“The trio consists of two former members of the influential Japanese underground band Nine Days Wonder – Akira Kawasaki and Atsushi Kiyota – who teamed up with Daisuke Niitome (who has played drums as well as composed music for countless jazz‐funk and hip hop bands). Their unique sound, comprising two pianos, two keyboards and drums, continues to stand at the forefront of the Japanese music scene.


 
“Luxembourg quartet Mutiny On The Bounty bring a torrent of groovy rhythms, guitar acrobatics and joyous melodies our way. These guys have been showcasing their unique brand of math-rock and instrumental music throughout Europe and have played close to five hundred shows supporting bands such as Biffy Clyro, And So I Watch You From Afar, TTNG and Maps & Atlases as well as playing some of the biggest festivals like Roskilde, Primavera and Fusion festival.

“Following on from their album ‘Trials’, released in 2012 and recorded by producer Matt Bayles, Mutiny On The Bounty released their latest album ‘Digital Tropics’ via Small Pond, which encompasses facets of their personalities ranging from rock, to electro, 80’s pop and even hip-hop. A reverb-infused, pop groove-laden feast of staccato guitar melodies, loops and math rock beats.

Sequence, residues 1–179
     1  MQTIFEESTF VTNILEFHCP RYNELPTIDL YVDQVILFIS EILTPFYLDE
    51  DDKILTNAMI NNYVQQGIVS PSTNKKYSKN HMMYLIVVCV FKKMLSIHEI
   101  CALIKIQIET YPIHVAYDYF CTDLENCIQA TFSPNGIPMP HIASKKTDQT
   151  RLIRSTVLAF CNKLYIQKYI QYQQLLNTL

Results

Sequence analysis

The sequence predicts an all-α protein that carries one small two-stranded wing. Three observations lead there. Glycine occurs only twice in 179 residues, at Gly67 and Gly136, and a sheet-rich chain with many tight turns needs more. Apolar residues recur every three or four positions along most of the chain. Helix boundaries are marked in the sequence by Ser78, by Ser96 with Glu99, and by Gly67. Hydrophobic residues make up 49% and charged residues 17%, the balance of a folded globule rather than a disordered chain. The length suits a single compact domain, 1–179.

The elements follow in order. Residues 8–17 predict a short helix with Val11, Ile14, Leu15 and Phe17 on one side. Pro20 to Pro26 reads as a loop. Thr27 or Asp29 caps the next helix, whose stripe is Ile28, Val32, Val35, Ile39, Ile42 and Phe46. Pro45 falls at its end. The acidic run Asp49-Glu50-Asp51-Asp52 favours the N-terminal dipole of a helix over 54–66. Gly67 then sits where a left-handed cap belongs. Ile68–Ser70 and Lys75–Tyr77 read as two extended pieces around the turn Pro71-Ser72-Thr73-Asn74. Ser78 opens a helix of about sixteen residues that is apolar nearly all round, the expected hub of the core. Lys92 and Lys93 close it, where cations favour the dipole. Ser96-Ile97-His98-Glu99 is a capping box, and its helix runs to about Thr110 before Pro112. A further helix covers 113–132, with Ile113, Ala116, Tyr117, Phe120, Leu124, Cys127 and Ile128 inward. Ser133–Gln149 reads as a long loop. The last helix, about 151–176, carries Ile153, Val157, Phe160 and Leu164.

Strobes‘ triangle of electrified polyrhythms, spaced-out synth jams and off-kilter beats will open the evening. Featuring guitar and synth-work by Matt Calvert (Three Trapped Tigers), drums by Joshua Backmore (Troyka) and keys by Dan Nicholls (who has collaborated with Squarepusher and Matthew Herbert), the trio flickers effortlessly between the worlds of electro-improv, minimalist polyrhythm and distinctively original hooks.

“Like a twisted love child of Aphex Twin, Brainfeeder and Battles, Strobes have been heard individually with the likes of Squarepusher, Matthew Herbert and Three Trapped Tigers. Built from collective composition, studio production, live sampling and improv jams, the band smashes out exhilarating odd-tempo loops, polyphonic synth soundscapes and big headnodding beats. Their new album ‘Brokespeak’, out via Blood And Biscuits, is a true work of genius.


 
“With DJ sets from Bojan Nikolic (The Brain Center At Whipple’s, Battleship Grey), this will be an intensely satisfying feast of jawdropping talent and headnodding beats.”